Filipic M, Umek A, Mlinaric A: Screening of Basidiomycete mushroom extracts for antigenotoxic and bio-antimutagenic activity. Harmazie 2002, 57: 416–420.
Gaitán-Hernández R, Esqueda M, Gutiérrez A, Sánchez A, Beltrán-García M, Mata G: Bioconversion of agrowastes by Lentinula edodes : The high potential of viticulture residues. Appl Microbiol Biot 2006, 71: 432–439. doi:10.1590/S1517–83822011000100004 10.1007/s00253-005-0241-1
Gameiro PH, Nascimento JS, Rocha BH, Piana CF, Santos RA, Takahashi CS: Antimutagenic effect of aqueous extract from Agaricus brasiliensis on culture of human lymphocytes. J Med Food 2013, 16: 180–183. doi:10.1089/jmf.2012.0068 10.1089/jmf.2012.0068
Gao Y, Dai X, Chen G, Ye J, Zhou S: A randomized, placebo-controlled, multicenter study of Ganoderma lucidum (W. Curt.:Fr.) Lloyd (Aphylloromycetidae) polysaccharides (Ganopoly R) in patients with advanced lung cancer. Int J Med Mushrooms 2003, 5: 369–381. 10.1615/InterJMedicMush.v5.i4.40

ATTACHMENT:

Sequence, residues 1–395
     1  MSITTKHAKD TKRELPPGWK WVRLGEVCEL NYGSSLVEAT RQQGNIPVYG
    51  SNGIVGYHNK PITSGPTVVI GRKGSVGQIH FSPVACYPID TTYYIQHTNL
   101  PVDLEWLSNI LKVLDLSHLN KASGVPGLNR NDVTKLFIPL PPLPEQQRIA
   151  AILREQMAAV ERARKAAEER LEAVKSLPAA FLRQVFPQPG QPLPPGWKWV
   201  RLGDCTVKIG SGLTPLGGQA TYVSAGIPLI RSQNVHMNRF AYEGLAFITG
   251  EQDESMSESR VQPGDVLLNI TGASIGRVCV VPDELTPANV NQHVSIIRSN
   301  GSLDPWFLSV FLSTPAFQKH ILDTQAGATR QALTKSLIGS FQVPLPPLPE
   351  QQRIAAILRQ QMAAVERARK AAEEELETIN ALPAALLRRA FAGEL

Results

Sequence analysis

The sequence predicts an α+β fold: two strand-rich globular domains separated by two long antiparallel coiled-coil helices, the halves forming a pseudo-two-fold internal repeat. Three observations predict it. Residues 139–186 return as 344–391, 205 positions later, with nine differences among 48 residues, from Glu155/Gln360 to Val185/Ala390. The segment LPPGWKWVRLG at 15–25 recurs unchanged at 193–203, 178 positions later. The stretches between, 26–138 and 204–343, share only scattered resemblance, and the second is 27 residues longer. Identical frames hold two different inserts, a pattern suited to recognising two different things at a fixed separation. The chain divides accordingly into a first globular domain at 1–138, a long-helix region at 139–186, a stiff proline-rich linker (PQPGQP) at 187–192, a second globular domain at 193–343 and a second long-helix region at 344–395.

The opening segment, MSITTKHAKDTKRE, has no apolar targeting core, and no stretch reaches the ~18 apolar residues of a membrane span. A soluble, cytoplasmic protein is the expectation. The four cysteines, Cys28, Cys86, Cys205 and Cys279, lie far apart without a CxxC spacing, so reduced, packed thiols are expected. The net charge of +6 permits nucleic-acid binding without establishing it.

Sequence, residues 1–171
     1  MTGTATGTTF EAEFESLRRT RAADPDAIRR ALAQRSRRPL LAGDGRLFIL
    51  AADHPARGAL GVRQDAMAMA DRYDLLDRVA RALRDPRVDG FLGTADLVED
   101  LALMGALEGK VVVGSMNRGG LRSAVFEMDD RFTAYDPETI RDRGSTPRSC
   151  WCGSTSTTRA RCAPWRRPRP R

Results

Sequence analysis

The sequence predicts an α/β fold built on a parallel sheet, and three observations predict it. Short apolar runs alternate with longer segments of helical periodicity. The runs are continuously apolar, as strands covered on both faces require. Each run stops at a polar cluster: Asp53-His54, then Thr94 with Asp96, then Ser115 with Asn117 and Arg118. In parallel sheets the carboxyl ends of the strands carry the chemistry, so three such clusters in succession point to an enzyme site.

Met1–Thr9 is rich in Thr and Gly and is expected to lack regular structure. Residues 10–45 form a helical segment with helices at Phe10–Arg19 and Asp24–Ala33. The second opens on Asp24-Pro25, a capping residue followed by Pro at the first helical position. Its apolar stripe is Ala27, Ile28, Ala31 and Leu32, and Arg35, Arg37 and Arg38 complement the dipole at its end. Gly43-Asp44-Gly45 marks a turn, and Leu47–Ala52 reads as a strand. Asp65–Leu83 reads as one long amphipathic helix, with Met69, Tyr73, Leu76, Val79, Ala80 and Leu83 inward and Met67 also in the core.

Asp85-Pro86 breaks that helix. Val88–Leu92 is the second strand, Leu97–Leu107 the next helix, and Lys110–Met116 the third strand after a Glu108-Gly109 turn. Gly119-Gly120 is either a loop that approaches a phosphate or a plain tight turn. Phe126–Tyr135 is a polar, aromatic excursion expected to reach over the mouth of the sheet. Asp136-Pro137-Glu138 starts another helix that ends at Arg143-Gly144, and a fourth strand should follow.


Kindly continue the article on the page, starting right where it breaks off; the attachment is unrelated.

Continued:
Gavrilescu M: Removal of heavy metals from the environment by biosorption. Eng Life Sci 2004, 4: 219–232. doi:10.1002/elsc.200420026 10.1002/elsc.200420026
Gruter A, Friederich U, Wurgler FE: The mutagenicity of edible mushrooms in a histidine-independent bacterial test system. Food Chem. Toxicol. 1991, 29: 159–65. 10.1016/0278-6915(91)90033-4
Hammel KE, Green B, Gai WZ: Ring fission of anthracene by a eukaryote. Proc Natl Acad Sci USA 1991, 88: 10605–10608. doi:10.1073/pnas.88.23.10605 10.1073/pnas.88.23.10605
Heinfling MJ, Martínez AT, Martínez M, Bergbauer Szewzyk U: Transformation of industrial dyes by manganese peroxidases from Bjerkandera adusta and Pleurotus eryngii in a manganese-independent reaction. Appl Environ Microbiol 1998, 64: 2788–2793.
Jang KY, Cho SM, Seok SJ, Kong WS, Kim GH, Sung JM: Screening of biodegradable function of indigenous ligno-degrading mushroom using dyes. Mycobiology 2009, 37: 53–61. doi:10.4489/MYCO.2009.37.1.053 10.4489/MYCO.2009.37.1.053